Eating cheaply in India is easy to do. India has plenty of affordable alternatives to the high end restaurants such street food snacks. Eating cheap in India has become a trend on the rise, when backpackers living on a budget for extended stays in and around Asia became popular. If you come to India during the off peak travel season, you will find hotel and restaurants prices to be lower. A dollar can be stretched quite a ways in India, if you’re OK with eating rice and dhal quite often. South India is known for its thali – aka – all you can eat meal – for as little as Rs 25-30 (50 cents USD). North India’s meals tend to be a bit more expensive, but by sticking to vegetarian meals you can save a bit of money as opposed to meat dishes which will always run a little higher.

India is a great country to explore, especially when it comes to seeing historical sites and cultural districts. There is an unlimited assortment of fascinating things to do, and whether you’re a solo backpacker or traveling with your family, India is full of free activities to keep your budget in check. First, take advantage of the many annual festivals throughout the year. Watch in amazement at the men forming themselves into a human pyramid on Krishna Janmashtami or see 50,000 camels come together at the town of Pushcar for the annual camel fair. Temples are a big part of Indian culture and also bring about plenty of cheap entertainment and discussion for travelers. There are many to see, including the Haji Ali mosque in Mumbai or the Galta Monkey Temple in Jaipur. If you need a day to relax from the sightseeing and people watching, spend the day at one of India’s many beaches. It’s free, it’s relaxing and it’s beautiful. What’s better than that?

Top Backpacker Travel Risks

One great way to experience the world with little money is to go on a backpacking trip. Most people who have gone backpacking testify that it is a life-changing experience and the knowledge that they have gained is simply irreplaceable. If you’re taking a backpacking trip anytime soon, it is wise to consider the risks and dangers that you may face. There are always travel risks anywhere you go in the world. It is highly recommended that you get backpacker travel insurance to protect you from unexpected travel incidents that might occur during your trip.

Here are the top backpacker travel risks and how to avoid them:

  1. Thefts and Scams

Many backpackers fall prey to thefts and scams. Destinations that are often frequented by tourists have their share of petty thieves and pickpockets lurking about. When you’re walking on the city streets, make sure that your cash and credit card is securely hidden and that you don’t wear flashy items that attract a lot of attention. Some backpackers pack a doorstop, a fairly inexpensive safety device that prevents someone from breaking into your room at night. If you’re staying in a hostel, you can use a cable lock to secure your valuables. Scams range from harmless to altogether dangerous. With promises of huge savings, many scammers dupe backpackers into purchasing cheap tour packages that don’t deliver as expected. You need to be aware of the most common travel scams and you should know what to do in these situations.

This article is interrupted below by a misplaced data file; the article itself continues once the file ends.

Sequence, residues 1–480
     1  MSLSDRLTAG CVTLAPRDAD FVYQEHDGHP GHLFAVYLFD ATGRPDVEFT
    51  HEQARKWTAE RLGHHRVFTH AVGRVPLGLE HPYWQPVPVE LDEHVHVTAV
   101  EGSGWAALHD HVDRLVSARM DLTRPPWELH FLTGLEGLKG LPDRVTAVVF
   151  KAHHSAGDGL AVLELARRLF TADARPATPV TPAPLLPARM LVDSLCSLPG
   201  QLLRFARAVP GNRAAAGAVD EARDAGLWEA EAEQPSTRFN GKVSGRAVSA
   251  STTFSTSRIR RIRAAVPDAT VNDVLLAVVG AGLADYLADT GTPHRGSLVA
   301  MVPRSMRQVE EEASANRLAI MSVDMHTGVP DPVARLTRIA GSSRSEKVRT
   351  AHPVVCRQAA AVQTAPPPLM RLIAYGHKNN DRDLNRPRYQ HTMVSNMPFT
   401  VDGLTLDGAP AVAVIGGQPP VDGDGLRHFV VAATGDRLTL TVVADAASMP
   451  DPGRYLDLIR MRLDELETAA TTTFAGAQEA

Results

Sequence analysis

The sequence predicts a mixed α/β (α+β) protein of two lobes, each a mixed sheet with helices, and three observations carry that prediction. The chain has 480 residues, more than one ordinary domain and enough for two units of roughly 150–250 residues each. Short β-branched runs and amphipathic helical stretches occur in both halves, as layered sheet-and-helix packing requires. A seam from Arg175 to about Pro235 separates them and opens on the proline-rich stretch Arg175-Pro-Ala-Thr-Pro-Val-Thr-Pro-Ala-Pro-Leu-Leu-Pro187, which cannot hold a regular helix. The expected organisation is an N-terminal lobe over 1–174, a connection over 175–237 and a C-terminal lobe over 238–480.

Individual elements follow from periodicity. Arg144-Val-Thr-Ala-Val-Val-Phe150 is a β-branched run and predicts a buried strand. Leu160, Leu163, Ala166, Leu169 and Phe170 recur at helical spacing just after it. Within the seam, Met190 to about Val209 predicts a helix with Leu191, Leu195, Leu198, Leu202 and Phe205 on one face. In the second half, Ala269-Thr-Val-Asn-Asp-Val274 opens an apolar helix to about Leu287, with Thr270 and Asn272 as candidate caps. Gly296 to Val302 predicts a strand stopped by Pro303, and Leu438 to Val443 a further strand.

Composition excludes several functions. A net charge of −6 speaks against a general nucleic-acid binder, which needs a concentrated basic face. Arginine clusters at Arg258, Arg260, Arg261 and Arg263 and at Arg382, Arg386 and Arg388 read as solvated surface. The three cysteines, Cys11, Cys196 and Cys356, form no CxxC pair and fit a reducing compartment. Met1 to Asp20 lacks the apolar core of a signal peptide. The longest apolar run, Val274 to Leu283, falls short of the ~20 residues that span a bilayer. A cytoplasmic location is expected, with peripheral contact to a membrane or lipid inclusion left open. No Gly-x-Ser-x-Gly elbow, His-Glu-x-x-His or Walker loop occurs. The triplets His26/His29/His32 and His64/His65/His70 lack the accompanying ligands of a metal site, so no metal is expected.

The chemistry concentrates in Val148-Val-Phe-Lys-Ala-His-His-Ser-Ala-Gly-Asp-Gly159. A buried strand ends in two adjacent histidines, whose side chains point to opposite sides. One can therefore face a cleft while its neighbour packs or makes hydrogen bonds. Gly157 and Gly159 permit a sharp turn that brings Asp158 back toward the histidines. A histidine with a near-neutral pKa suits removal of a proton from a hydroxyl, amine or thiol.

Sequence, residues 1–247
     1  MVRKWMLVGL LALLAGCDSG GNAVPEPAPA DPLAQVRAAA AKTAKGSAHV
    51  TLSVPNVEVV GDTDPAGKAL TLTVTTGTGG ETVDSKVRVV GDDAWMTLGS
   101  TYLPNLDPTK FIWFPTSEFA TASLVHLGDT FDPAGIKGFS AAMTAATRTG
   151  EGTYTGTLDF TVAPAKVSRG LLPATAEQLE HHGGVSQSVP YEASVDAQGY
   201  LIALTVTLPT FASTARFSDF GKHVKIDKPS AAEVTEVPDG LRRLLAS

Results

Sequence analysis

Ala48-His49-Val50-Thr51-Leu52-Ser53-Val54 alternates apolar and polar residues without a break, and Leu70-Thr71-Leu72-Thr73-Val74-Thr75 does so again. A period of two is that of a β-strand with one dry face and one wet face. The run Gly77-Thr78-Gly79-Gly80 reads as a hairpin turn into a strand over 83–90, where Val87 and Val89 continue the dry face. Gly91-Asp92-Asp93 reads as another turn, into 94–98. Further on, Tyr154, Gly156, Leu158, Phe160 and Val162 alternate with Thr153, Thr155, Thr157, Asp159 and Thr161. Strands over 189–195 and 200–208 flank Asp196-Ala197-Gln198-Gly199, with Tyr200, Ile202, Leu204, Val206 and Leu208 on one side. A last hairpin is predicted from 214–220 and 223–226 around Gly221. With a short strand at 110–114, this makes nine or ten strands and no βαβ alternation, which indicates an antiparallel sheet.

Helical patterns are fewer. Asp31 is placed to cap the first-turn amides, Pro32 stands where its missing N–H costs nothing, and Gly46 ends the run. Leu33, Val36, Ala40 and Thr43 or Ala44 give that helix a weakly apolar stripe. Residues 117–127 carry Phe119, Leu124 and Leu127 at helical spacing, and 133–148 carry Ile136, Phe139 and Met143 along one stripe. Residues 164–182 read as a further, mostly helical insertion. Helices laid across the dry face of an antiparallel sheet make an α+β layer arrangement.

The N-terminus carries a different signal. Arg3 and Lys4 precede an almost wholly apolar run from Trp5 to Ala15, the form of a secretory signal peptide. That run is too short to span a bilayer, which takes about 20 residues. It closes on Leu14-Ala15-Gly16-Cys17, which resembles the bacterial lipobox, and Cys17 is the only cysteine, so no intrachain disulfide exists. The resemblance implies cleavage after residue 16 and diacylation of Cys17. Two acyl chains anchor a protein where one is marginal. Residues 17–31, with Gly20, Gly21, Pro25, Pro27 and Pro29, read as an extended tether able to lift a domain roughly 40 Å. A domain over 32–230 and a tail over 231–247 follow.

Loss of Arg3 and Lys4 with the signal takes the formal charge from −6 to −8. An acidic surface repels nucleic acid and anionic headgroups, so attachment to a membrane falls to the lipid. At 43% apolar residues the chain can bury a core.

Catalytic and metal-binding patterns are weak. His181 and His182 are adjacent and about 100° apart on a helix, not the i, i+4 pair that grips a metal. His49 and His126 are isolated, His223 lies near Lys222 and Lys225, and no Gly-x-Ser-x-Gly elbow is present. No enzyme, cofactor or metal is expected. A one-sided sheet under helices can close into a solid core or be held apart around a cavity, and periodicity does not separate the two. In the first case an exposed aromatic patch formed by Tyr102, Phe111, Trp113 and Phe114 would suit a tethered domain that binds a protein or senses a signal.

1. Sickness or Injury

Backpackers who get sick or injured while on a trip need to pay medical bills at a local hospital. Most often than not, medical bills for foreigners without insurance can be costly. Inexpensive local clinics and hospitals is an option, but they often don’t have the best facilities. Before going on a trip, you should research on the health conditions of your destination and bring medical supplies that you might need. It is also wise to only drink bottled water. It pays to choose the best travel insurance with good medical coverage so that you have peace of mind in case you get sick or injured while on the road. You should also make sure that it covers both medical treatment and emergency evacuation.

  1. Baggage Loss

As a backpacker, nothing is more aggravating and stressful than losing your baggage. Whether it’s an airline issue or it’s been stolen, remember to get travel insurance that provides good coverage for both lost baggage and other add-ons. Add-ons are usually valuables such as laptops, cameras, smartphones, and jewelry items. Better yet, leave your expensive electronics at home and use an older cell phone while on the road. You can also leave your laptop at home and go to internet cafes to catch up on email.

Generally, backpacking is a great way to see the world. However, it is essential to get backpacker travel insurance to cover for medical expenses, baggage loss, theft, or other unforeseen events.